Wallethub.com has just produced a comprehensive study of public school performance , which ranks all states by various education categories and also calculates an overall ranking for each state. Overall, Louisiana ranked 48th out of the 50 states and the District of Columbia. It is interesting that the DC schools which reformers had also touted as one of the most progressive reform systems in the country is now ranked dead last in actual performance. So why are the reformers still pushing the same failed reforms onto every other state?  Notice that the reformers never personally take the blame for the failure of their big ideas. According to the reformers it's always the fault of the teachers and their unions when their hair-brained schemes for school reform fail. It is clear though that in Louisiana and in DC, they can't blame anyone but themselves since the reformers have been in total control.

In addition to blaming the practitioners of public education, the reformers have another secret weapon. Every few years the reformers start promoting another new and more drastic reform that (they claim) will finally be the magic bullet that will cure all the perceived ills of education once and for all. That way they can always be seen as the big innovators of education. The latest scheme is of course the Common Core. As I have pointed out in this blog, the CCSS were developed by non-classroom teachers and were never field tested and are riddled with obvious deep flaws. Don't expect dramatic results from the CCSS other than more teachers retiring early or transferring to private schools.

One could ask though, "What is the harm in trying various new ideas aimed at improving our schools. Surely we don't have much to lose since our schools are such failures anyway". I believe the assumption underlying this question is completely wrong. The assumption that our public schools are so bad that we should be willing to try almost any new idea is a fabrication of the radical reformers designed to convince us to be willing to accept their nasty tasting medicines for education. You see there is plenty of evidence that our schools have been working very well for the students of the middle class who come to school with the proper supports from home and motivation to succeed. When our schools are compared using the same relative proportions of poverty, American schools compare very favorably with the best school systems in the world. But when schools serve students who come from disadvantaged backgrounds without proper support from home and motivation, student performance is low no matter the dedication and expertize of the teachers. These students do not do well in any school environment. This has been demonstrated when low performing students are forced to transfer to schools that are supposed to be much better than their old schools. The low performers perform poorly no matter what school they attend. So to blame the schools and bash the teachers is unfair and unproductive and delays efforts to work on the real problem, which is poverty and the problems poverty causes.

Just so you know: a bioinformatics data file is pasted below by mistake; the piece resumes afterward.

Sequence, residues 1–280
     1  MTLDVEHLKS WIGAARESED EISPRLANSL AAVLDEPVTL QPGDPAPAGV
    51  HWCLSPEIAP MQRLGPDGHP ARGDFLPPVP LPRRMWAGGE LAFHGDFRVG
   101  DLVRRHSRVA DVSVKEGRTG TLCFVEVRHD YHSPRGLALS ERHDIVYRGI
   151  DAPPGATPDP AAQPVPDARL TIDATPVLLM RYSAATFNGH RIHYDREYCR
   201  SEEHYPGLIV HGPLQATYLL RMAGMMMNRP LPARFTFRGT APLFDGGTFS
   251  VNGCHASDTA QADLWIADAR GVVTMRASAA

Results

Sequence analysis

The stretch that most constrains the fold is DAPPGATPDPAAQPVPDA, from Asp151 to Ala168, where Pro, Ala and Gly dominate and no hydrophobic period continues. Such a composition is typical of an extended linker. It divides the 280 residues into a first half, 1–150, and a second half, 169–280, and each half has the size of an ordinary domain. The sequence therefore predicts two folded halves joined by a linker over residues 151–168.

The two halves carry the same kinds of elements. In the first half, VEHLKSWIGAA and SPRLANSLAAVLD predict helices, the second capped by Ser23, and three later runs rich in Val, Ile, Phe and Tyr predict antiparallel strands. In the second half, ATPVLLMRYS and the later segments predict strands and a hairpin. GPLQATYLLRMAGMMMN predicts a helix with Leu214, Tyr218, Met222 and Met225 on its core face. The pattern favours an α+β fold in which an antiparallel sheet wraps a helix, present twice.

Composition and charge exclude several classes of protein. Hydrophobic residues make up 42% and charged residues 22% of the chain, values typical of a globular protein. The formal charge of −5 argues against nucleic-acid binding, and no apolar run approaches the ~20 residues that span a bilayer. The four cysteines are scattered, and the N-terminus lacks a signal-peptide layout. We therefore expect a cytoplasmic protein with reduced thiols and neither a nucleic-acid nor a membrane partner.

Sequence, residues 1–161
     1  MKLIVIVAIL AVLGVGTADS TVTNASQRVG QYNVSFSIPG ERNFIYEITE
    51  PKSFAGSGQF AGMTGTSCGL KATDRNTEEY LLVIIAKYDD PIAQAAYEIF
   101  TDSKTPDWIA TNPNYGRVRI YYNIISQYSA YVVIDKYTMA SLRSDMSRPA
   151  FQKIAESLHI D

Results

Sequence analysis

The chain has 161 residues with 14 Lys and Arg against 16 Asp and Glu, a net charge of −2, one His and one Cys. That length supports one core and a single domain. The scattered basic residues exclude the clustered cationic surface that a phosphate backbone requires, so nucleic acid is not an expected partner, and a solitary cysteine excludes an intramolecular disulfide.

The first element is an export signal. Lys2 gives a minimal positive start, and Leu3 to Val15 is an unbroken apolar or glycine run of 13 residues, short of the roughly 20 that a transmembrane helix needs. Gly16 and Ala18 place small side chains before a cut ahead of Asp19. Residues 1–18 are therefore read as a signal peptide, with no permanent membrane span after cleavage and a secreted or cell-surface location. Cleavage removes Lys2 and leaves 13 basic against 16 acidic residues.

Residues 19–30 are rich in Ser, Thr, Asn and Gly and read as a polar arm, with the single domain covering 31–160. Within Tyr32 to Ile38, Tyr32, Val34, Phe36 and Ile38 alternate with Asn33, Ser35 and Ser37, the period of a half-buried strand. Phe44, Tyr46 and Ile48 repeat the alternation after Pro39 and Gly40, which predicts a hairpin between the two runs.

Another consequence of the education reform movement in Louisiana has been a systematic degrading of our teaching profession. The increased stress and demoralization of teachers as a result of the reforms and the shaming and blaming of teachers has caused thousands of highly qualified Louisiana teachers to retire or resign from teaching early. At the same time we are hearing reports that fewer and fewer young people are enrolling in our colleges of education. Several school systems are having trouble finding qualified teachers for the core subjects. With the recent lowering of standards for teacher certification, colleges of education may soon become obsolete. These trends will surely deprive our students of high quality teaching for years to come, and can seriously lower the performance of our students.

State Superintendent White however, keeps repeating over and over that he knows that Louisiana students are just as smart as the kids in other states and that if we would just raise our expectations for their performance that they could compete with the best in the nation. This is pretty slick psychology. It suggests that if our students don't succeed with Common Core (and all the other reform schemes) then its the fault of the educators who did not have enough faith in our students and did not work hard enough to help them to reach their potential.

I have just one remaining question: When are the educators and citizens of Louisiana going to wise up and stop giving control of our schools to these con artists?

1 comment:

Tyron Shadwick said...